The blade is formed from a when the sections are both in theirihorizontal or normal positions as shown in Figure 1, the i lengthwise `extending slot 26 formed in theV rear end ot the skate section .21. The forade front or toe section 2l and a rear or heel section 22 and` ward end of the extension is cutto provide" an end notch 2T anda hook 28 and according to the above arrangement, the blade sections fan have varying relative positions ranging .trein the flat position shown in Figure l to the telly up swungpositron shown in Figure i it being understood that the rivet slides in the slot Q6 during the movement.
'llheiiost 9 is supplied with a spliti'ing 29 which has the ends thereof terminatingin hooks 3() and a coiled spring 3l .is provided, the spring having the ends thereoficaught in the hooks 28 and 30. The spring is designed to normally pull the hook 28 ahead with the result that the rear section of the blade normally remains in the position shown in `Figures l and 3. If it is desired to lock the sections of the blade in the latter position, this is done by passing a locking pin 32 through side openings 33 provided in the extension Qi and positioned such that when the rear blade section is in `the flat lying position,
the pin 32 when passed through the openings 33 and slot QG will taken position in the rear end ot the slot as shown best in Figure 3. The holes 33 are of the well known key hole shape and the pin 32 is supplied with a tit 34:
adapted to lock the pin upon rotation after it has been passed through the registering holes in the slot.
l provide the plate l also with a downward ly extending lugl 35 and this receives slidably a comparatively short rod 36, the forward end of which is screw threaded to receive a nut 37 and a washer 38. A coiled spring 39 is mounted on the rod between the washer 38 and the lug and the rear Aend of 'the rod terminates in forked arms el() and Lil which span the post 9 and have their rear ends carrying' a cross pin 42. A hinged bar 48 is also provided, the forward end of the said bar beingr pivotally n'xounted on the pin stil and the rear end of the bar being` liingredly connected as .indicated at del to the heel plate. By tightening' up the nut Si', one can tension the spring 3l) and this will cause a` contiinious forward pull on the heel plate through the arms and hinged bar.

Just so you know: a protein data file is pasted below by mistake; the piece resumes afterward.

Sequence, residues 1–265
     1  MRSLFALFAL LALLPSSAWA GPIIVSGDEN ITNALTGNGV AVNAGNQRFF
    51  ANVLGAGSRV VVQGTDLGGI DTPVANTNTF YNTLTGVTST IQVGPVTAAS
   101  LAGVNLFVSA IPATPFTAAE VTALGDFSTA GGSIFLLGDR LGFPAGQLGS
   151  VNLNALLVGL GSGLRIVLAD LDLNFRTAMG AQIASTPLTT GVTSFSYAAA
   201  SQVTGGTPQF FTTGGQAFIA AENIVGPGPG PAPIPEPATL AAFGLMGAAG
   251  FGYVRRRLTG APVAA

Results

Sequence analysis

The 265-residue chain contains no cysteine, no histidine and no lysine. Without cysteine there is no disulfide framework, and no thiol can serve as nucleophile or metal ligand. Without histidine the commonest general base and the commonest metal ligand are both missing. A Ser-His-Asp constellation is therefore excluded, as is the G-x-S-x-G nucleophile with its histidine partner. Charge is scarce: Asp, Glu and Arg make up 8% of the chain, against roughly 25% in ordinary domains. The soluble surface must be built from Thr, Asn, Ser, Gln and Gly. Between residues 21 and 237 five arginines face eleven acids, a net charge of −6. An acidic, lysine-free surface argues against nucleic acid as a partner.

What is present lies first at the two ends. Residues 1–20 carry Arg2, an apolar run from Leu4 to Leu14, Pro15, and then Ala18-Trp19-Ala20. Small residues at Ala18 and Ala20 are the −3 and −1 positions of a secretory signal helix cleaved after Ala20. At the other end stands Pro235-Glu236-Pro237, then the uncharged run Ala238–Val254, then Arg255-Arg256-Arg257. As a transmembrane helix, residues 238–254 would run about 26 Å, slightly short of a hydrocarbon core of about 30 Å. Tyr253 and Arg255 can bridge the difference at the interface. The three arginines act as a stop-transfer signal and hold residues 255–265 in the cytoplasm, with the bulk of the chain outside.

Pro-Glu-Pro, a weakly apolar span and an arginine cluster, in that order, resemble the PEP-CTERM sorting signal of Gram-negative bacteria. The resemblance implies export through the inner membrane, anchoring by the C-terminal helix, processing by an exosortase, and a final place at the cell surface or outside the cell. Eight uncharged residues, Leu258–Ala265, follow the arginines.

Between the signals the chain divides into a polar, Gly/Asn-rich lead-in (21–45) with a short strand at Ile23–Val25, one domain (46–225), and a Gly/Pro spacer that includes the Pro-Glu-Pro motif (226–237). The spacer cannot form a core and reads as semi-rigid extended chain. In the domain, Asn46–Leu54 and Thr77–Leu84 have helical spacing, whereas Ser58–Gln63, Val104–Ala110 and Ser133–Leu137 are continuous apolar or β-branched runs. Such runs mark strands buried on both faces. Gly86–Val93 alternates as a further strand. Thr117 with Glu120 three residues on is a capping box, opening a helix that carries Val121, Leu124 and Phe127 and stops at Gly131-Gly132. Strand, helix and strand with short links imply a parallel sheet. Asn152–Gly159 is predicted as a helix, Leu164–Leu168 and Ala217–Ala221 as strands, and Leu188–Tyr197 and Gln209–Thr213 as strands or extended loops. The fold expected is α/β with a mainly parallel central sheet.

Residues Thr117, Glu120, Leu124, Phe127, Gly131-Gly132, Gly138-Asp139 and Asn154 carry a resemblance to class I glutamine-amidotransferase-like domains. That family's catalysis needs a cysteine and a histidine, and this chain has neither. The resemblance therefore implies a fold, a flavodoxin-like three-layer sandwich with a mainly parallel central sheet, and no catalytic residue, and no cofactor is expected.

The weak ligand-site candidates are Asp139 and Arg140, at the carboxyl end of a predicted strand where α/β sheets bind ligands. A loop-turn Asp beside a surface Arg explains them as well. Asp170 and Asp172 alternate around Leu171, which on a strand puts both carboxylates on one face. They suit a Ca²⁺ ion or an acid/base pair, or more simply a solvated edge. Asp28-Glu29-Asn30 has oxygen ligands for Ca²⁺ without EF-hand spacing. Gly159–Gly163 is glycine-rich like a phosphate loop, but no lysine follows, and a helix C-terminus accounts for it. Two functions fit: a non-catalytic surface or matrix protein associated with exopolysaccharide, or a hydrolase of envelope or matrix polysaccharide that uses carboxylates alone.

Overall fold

This spring and connections associated therewith 'co-operate with the spring 3l to bring the skate sections into their normally flat lying position and the hinged bar acts as a support for the foot when the same is in the raised position as shown in Figure 2 where it Will be observed that the hinged bar is held forcibly in contact with the under part of the boot sole.
It will be seen from the above description that this skate allows the foot very free movement which is not possible with the still or non-sectional blade customarily used.
What I claim as my invention is 1. A skate comprising a front. attaching plate, a rear attaching plate, afront blade section, means connecting the front blade setion to the front plate, a rear blade section, means connecting the rear blade section to the rear plate, an extension permanently attached to the forward end ol the rear blade section, means slidably connecting the forward end of the extension to `the rear end of the front blade section and a spring connecting` the extension to the support ol the .front blade section.